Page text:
Recipe for BBC confusion
AT LAST the government has published its White Paper setting out its plans for the BBC - to a chorus or relief, given that few of the kites that had been flown to scare the multitude stayed aloft. The licence fee - the worst possible way of funding a public broadcaster, except all the other ways - remains.
Positively for local news reporting, there is support for proposals for a "News Bank" syndicating "content" for local and regional news organisations; a "Data Journalism Hub" in partnership with a university; and "Local Public Sector Reporting Service" to report on local institutions [p 74]. The Freelance presumes that all these will lead to paid work for journalists.
The news isn't so good for authors and performers other than journalists, though. The government plans to "open to full competition the £740 million the BBC spends each year on in-house television content production (with the exception of news and news-related current affairs)" [p 77]. That would mean that all non-news production was privatised - with the BBC establishing a "Studios" company to bid against the Endemols of this world. That in turn means that collectively-bargained agreements and commissioning practices that are less awful than in the rest of the industry are under threat.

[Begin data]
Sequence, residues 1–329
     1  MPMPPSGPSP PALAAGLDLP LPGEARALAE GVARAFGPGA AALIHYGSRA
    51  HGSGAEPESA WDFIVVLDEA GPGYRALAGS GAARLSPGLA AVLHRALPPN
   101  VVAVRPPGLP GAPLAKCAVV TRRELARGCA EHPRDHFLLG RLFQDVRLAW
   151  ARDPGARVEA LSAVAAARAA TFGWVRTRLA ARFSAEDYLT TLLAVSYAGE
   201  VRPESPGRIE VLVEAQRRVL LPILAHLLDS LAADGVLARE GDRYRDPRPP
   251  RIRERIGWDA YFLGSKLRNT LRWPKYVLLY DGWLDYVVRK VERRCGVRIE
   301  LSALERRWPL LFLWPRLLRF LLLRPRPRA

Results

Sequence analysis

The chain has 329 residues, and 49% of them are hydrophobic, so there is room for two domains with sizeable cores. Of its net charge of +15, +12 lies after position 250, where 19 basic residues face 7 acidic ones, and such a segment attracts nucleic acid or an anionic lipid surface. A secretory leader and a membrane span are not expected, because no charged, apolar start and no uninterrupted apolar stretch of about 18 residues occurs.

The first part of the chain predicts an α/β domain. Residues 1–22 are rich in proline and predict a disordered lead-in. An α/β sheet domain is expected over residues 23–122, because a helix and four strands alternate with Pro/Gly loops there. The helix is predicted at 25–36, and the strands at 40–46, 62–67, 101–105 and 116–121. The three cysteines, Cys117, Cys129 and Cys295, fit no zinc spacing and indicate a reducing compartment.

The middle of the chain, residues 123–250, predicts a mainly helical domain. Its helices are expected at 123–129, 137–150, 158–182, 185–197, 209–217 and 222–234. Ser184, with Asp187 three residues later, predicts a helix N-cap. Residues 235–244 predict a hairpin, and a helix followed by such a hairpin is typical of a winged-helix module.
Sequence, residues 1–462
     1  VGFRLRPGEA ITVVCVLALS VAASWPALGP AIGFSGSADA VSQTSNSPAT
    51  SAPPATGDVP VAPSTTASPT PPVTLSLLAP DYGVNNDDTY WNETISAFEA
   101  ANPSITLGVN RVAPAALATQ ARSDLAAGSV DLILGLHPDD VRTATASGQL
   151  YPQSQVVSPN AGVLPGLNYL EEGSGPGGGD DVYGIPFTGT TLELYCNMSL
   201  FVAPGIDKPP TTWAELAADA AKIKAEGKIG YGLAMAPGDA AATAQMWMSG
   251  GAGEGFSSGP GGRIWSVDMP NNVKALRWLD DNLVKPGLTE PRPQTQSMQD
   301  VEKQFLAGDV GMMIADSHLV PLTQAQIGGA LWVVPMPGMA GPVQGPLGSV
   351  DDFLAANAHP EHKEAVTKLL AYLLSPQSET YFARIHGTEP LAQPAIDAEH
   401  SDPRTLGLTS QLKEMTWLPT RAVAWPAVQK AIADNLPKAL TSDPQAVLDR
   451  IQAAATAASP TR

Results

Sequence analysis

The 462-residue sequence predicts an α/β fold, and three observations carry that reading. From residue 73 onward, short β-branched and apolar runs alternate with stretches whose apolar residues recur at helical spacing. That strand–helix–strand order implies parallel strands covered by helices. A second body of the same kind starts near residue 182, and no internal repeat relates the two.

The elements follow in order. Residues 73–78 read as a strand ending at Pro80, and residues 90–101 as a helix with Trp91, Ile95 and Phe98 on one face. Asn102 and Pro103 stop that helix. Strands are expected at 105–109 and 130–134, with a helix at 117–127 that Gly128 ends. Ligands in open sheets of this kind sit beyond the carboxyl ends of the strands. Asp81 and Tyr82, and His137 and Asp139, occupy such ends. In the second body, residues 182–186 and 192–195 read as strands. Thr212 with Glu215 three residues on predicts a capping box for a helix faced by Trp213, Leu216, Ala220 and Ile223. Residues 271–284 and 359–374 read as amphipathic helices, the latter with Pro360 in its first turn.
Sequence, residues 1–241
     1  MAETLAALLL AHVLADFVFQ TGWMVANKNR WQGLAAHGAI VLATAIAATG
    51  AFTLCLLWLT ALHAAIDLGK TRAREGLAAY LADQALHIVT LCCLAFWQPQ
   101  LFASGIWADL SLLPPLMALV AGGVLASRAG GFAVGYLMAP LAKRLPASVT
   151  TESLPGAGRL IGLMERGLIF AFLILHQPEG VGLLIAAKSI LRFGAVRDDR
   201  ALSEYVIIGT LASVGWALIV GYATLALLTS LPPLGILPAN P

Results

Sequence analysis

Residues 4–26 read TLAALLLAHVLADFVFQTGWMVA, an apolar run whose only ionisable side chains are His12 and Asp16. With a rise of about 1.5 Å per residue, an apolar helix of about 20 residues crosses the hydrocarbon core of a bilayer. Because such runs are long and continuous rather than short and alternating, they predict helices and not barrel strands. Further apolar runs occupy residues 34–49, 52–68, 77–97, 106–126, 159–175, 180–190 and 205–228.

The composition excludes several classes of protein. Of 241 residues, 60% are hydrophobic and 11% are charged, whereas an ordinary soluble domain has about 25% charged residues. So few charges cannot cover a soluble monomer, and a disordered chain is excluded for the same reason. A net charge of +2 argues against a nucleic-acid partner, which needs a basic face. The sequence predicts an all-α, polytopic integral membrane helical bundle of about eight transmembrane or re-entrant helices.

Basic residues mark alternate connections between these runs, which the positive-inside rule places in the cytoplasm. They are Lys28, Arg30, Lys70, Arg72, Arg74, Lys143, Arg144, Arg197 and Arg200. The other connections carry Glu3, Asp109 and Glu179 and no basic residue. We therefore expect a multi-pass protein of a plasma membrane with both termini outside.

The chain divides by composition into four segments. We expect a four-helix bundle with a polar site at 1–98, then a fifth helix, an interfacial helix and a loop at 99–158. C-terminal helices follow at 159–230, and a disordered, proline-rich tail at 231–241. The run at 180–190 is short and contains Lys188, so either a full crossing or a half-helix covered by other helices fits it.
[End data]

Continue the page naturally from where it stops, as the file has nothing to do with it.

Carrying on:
And, buried fairly deep in the 136-page document, are some worrying vaguenesses about the rules under which the BBC will operate. It would be "regulated" by OFCOM, the Office of Communications. We read that "The government will provide guidance to the regulator on content requirements and performance metrics to set clear policy parameters..." [p 55].
The above suggets to a suspicious mind that that U-turn on the idea of demanding control over what the BBC shows and when is more of a C-turn: it can come back later, by stealth. This suspicion is reinforced by several statement resembling this: OFCOM will be responsibke for "holding the BBC to account with particular regard to market impact and protecting the legitimate interests of third parties" [p 57]. It would have the power to fine the BBC (though the question of where the fines would go is fudged). Given that last time we had much to do with OFCOM it was riddled with enthusiastic free-market fundamentalists, this leaves a lot of slack for those kites coming home to roost.
OFCOM will also be handling complaints not resolved by the BBC [p 56, p 60].
The White Paper proposes "opening up the BBC archive" - which rings alarm bells for performers, scriptwriters and all other contributors who have not signed over rights in their work beyond its first broadcast. The document does goon to observe that "Of course there are limits to what can be achieved cost-effectively, as securing rights for that content can be complex, time-consuming and therefore costly." [p 73] We will have to keep a close eye on this.